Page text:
There are 2 main definitions of hay in English:

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hay 1

Line breaks: hay

noun

[mass noun]
Grass that has been mown and dried for use as fodder.
Example sentences
  • Here we plant a mixture of alfalfa and timothy, or alfalfa and orchard grass, as hay for horses or dairy cows.
  • By the time we headed back to the palace, we smelled of horse manure and hay, with hay and grass sticking out from our hair and clothes.
  • When a field gets too weedy, Fred will seed it in grasses and turn it into pasture or hay.
Synonyms
forage, dried grass, pasturage, herbage, silage, fodder, straw

verb

[no object] (hay off) Back to top  
chiefly Australian (Of grass, etc.) dry while standing: the grass had all hayed off and gone to seed (as adjective hayed off) the hayed off growth is eaten through the winter
More example sentences
  • The pasture has hayed off due to seasonal weather patterns.
  • His cattle won't get fat until the grass has hayed off in late summer.
  • The grass had hayed off on the top, but underneath it was still green, providing the best cattle-fattening feed imaginable.

Phrases

hit the hay

1
informal Go to bed.
Example sentences
  • The weekend was finished off in the best way possible, with Amelia sleeping soundly from 8pm until 1am and me hitting the hay at 9.
  • Our houseguest hit the hay at one and I went up to sleep.
  • I plan to go for a few beers down the local pub before hitting the hay.

make hay (while the sun shines)

2
proverb Make good use of an opportunity while it lasts: they made political hay out of the issue
More example sentences
  • This is one of a few occasions that provide a good opportunity for both private and governmental textile houses to make hay.
  • If our soccer players do not appreciate the privilege of having direct access to Africa's richest soccer league, then they must blame themselves for not making hay while the sun shines.
  • Talk about making hay while the sun shines: this is a place that knows how to make the most of an unusually short summer season.
Synonyms
make the most of an opportunity, exploit an opportunity, take advantage of an opportunity, capitalize on an advantage, strike while the iron is hot, seize the day;

Origin

Old English hēg, hīeg, hīg, of Germanic origin; related to Dutch hooi and German Heu, also to hew.

More
  • An ancient word that goes back to around ad 800 in Old English. The phrase to make hay, ‘to make good use of an opportunity while it lasts’, is a shortening of the proverbial recommendation make hay while the sun shines, which has been in use since the 16th century. Since the late 19th century North American farmers have employed haywire to bind bales of hay and corn. Others found other uses for it, so that haywire came to describe anything patched together or poorly equipped. By the 1920s to go haywire meant ‘to go wrong’, and in the 1930s it was extended to cover people who were mentally disturbed or out of control.

Words that rhyme with hay

affray, agley, aka, allay, Angers, A-OK, appellation contrôlée, array, assay, astray, au fait, auto-da-fé, away, aweigh, aye, bay, belay, betray, bey, Bombay, Bordet, boulevardier, bouquet, brae, bray, café au lait, Carné, cassoulet, Cathay, chassé, chevet, chez, chiné, clay, convey, Cray, crème brûlée, crudités, cuvée, cy-pres, day, decay, deejay, dégagé, distinguée, downplay, dray, Dufay, Dushanbe, eh, embay, engagé, essay, everyday, faraway, fay, fey, flay, fray, Frey, fromage frais, gainsay, Gaye, Genet, giclee, gilet, glissé, gray, grey, halfway, heigh, hey, hooray, Hubei, Hué, hurray, inveigh, jay, jeunesse dorée, José, Kay, Kaye, Klee, Kray, Lae, lay, lei, Littré, Lough Neagh, lwei, Mae, maguey, Malay, Mallarmé, Mandalay, Marseilles, may, midday, midway, mislay, misplay, Monterrey, Na-Dene, nay, né, née, neigh, Ney, noway, obey, O'Dea, okay, olé, outlay, outplay, outstay, outweigh, oyez, part-way, pay, Pei, per se, pince-nez, play, portray, pray, prey, purvey, qua, Quai d'Orsay, Rae, rangé, ray, re, reflet, relevé, roman-à-clef, Santa Fé, say, sei, Shar Pei, shay, slay, sleigh, sley, spae, spay, Spey, splay, spray, stay, straightaway, straightway, strathspey, stray, Sui, survey, sway, Taipei, Tay, they, today, tokay, Torbay, Tournai, trait, tray, trey, two-way, ukiyo-e, underlay, way, waylay, Wei, weigh, wey, Whangarei, whey, yea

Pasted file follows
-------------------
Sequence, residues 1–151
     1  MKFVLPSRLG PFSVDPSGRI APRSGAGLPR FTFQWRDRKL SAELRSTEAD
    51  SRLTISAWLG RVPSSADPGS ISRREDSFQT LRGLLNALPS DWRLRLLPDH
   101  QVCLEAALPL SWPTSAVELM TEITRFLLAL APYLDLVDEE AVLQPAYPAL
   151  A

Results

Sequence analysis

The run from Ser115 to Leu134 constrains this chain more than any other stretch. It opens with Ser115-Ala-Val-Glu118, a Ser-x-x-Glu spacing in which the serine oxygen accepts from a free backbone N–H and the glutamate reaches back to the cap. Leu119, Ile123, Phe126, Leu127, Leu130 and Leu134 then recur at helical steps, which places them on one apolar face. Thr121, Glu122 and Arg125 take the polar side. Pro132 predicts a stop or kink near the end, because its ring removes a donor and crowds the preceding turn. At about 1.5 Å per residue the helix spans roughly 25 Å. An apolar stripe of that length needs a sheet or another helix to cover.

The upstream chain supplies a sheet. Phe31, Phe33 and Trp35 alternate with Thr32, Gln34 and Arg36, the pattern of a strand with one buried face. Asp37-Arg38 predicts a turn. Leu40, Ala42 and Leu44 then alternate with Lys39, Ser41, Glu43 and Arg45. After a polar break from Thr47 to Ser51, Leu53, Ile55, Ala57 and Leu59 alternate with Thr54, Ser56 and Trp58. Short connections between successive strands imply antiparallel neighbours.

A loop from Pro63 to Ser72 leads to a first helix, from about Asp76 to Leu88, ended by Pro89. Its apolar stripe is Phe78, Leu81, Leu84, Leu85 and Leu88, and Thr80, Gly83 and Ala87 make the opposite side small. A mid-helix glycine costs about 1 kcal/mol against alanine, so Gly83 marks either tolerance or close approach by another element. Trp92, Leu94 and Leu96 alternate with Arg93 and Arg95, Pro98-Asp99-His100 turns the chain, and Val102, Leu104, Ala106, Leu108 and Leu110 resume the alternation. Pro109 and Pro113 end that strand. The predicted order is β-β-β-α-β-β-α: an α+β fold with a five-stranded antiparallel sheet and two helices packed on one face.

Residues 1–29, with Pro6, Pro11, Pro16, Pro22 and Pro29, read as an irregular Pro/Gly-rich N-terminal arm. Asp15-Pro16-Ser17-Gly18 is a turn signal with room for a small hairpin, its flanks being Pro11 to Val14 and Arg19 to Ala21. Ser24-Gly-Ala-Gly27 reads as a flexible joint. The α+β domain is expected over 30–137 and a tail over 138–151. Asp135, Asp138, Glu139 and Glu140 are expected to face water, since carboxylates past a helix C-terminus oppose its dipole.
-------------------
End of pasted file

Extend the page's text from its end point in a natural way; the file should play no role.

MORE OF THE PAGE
Definition of hay in:

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There are 2 main definitions of hay in English:

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hay 2 Line breaks: hay

noun

1A country dance with interweaving steps similar to a reel.
Example sentences
  • He danced the Hays round two elbow chairs.
1.1A winding figure in a hay country dance.
Example sentences
  • One of the most pleasing movements in country-dancing is what they call ‘the hay’.

Origin

Early 16th century: from an obsolete sense 'a kind of dance' of French haie 'hedge', figuratively 'row of people lining the route of a procession'.

More
  • An ancient word that goes back to around ad 800 in Old English. The phrase to make hay, ‘to make good use of an opportunity while it lasts’, is a shortening of the proverbial recommendation make hay while the sun shines, which has been in use since the 16th century. Since the late 19th century North American farmers have employed haywire to bind bales of hay and corn. Others found other uses for it, so that haywire came to describe anything patched together or poorly equipped. By the 1920s to go haywire meant ‘to go wrong’, and in the 1930s it was extended to cover people who were mentally disturbed or out of control.

Definition of hay in:

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